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$25 Million Gift to Support Conservation and Environmental Education Programs

World Wildlife Fund’s wildlife conservation work and Duke University’s Nicholas School of the Environment to benefit

WASHINGTON, D.C. – World Wildlife Fund (WWF) and Duke University today announced a $25 million gift from Jeff and Laurie Ubben.

Of the total, $20 million will support WWF’s wildlife conservation programs, and $5 million will support environmental research and education at Duke’s Nicholas School of the Environment.

The Ubbens’ gift will allow WWF to act on some of the most urgent global conservation issues, such as reducing the demand for illegal ivory in China, protecting wildlife and strengthening the ability of local communities to conserve the natural resources so critical to their livelihoods.

The gift also supports a partnership between WWF and Duke’s Nicholas School to identify novel solutions that support conservation and sustainable development, and make these new tools and approaches accessible to conservationists and environmental managers worldwide.

Jeff and Laurie Ubben are both alumni of Duke, and Jeff is a member of Duke’s Board of Trustees. They said their gift is inspired by their love of nature and their desire to leave a better planet for their children.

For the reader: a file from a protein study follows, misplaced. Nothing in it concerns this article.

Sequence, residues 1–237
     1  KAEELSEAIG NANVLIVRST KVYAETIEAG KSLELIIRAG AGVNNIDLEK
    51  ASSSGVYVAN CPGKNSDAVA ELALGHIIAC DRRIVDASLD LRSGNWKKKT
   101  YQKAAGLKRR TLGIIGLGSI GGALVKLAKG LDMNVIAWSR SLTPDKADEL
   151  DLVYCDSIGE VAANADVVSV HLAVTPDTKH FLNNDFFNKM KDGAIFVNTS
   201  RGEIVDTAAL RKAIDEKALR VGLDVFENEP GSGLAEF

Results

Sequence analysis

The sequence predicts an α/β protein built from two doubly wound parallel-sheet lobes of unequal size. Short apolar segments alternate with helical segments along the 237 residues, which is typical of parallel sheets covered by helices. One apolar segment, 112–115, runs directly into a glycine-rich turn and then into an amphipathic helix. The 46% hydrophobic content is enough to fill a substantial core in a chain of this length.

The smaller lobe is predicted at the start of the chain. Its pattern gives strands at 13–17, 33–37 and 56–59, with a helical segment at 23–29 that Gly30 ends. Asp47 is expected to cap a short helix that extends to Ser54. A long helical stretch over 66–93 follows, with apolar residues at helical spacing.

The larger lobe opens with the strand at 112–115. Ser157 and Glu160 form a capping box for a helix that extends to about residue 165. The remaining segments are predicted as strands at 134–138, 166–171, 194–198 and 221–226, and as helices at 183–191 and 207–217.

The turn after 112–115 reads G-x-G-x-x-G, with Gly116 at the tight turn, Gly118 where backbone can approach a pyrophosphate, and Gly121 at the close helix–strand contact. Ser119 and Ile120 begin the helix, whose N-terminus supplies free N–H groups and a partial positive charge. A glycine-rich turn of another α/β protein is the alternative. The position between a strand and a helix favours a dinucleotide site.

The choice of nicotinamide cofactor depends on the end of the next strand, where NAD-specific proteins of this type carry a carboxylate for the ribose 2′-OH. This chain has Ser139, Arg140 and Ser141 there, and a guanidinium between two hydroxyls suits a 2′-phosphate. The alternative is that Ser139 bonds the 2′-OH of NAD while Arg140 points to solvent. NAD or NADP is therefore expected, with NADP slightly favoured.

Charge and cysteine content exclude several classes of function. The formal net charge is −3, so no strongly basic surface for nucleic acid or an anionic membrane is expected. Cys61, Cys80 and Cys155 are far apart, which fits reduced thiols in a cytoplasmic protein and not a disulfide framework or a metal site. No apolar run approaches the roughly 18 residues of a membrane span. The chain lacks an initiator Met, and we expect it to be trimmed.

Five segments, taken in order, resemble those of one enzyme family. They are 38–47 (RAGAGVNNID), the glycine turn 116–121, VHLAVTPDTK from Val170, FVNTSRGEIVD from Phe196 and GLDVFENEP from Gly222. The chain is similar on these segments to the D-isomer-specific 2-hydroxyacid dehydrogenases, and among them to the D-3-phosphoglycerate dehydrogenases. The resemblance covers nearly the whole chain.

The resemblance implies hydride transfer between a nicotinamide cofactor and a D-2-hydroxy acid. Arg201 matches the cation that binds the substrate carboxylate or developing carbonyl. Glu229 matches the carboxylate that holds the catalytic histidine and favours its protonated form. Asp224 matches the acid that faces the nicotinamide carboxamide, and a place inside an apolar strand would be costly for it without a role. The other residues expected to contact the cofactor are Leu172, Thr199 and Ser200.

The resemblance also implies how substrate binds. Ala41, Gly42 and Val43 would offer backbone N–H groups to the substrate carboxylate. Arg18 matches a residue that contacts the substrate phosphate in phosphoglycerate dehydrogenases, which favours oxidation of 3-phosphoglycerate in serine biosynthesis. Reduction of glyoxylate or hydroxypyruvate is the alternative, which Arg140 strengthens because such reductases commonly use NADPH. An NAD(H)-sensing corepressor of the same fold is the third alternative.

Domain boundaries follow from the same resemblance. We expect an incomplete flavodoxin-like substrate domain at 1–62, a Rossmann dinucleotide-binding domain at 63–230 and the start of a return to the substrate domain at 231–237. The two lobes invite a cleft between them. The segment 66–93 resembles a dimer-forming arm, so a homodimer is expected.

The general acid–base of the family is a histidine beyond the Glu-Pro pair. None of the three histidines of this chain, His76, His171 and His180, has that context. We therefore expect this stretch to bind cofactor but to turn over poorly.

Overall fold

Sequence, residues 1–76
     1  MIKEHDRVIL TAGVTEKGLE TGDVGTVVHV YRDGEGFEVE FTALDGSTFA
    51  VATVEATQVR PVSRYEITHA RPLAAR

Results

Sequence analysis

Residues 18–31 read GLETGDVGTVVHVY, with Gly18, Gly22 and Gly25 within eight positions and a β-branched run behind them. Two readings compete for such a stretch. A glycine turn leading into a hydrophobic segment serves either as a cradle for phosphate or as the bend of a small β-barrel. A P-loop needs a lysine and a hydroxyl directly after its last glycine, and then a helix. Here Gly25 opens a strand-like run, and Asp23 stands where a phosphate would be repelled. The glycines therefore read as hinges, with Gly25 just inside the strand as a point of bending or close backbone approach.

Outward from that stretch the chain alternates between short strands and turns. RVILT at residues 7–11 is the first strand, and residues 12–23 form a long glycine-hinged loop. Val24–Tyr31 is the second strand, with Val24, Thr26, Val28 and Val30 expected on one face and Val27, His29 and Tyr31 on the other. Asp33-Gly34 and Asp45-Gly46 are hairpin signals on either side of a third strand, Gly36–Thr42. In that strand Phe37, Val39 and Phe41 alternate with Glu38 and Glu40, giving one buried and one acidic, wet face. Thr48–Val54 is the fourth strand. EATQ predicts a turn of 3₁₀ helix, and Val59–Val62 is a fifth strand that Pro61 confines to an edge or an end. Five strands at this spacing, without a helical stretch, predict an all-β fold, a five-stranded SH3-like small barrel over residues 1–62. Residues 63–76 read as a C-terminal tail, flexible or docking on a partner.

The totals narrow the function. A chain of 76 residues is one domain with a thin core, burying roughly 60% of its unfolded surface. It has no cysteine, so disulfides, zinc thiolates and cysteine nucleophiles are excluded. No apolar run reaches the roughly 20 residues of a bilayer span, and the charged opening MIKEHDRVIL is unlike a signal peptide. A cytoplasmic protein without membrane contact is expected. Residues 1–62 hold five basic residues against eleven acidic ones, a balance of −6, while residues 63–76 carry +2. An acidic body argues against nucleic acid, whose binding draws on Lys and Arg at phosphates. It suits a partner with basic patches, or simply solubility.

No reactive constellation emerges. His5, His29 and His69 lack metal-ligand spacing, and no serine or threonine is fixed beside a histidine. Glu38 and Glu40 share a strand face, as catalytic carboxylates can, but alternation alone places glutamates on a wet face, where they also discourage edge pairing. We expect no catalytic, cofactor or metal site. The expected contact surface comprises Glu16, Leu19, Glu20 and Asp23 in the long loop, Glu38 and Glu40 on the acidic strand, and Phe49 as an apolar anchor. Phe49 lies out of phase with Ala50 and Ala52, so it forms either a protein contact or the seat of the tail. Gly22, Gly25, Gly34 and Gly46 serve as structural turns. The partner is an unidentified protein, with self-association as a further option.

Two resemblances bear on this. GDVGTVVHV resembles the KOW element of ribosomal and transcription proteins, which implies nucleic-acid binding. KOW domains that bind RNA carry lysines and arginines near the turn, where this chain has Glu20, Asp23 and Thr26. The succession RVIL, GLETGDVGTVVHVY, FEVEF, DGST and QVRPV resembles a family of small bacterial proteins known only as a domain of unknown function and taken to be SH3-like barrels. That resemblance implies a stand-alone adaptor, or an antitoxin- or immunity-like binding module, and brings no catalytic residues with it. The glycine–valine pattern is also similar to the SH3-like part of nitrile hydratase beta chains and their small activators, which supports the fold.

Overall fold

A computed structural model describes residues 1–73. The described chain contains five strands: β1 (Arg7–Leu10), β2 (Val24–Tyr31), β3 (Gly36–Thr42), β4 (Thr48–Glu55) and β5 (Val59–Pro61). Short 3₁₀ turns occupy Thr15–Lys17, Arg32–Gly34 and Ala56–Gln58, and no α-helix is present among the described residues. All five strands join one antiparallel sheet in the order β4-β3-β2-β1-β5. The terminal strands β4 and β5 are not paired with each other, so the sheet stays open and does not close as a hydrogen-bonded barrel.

“Jeff and I feel strongly about protecting the environment,” said Laurie Ubben. “We’re energized by the important work WWF and Duke are doing to safeguard our planet. Now more than ever, we believe these initiatives must be supported.”

“Jeff and Laurie do not mess around when it comes to conservation,” said WWF President and CEO Carter Roberts. “You can see the difference their philanthropy has made in bringing the ivory trade to an end in key markets, and in bridging research with real world solutions. The Ubbens have sparked some of our most promising initiatives and partnerships. I'm grateful for their generosity and for their vision in driving sustainability at a scale that matters.”

“This far-sighted gift from two of Duke’s most dedicated alumni will enable us to pioneer a new model of collaboration between a university and a global conservation organization,” said Jeffrey Vincent, Stanback Dean of the Nicholas School. “I am especially excited by the opportunities it will create for our students, to be part of research and practice coming together to devise solutions for our planet’s toughest conservation problems. I am grateful to Jeff and Laurie for this remarkable investment in Earth’s future.”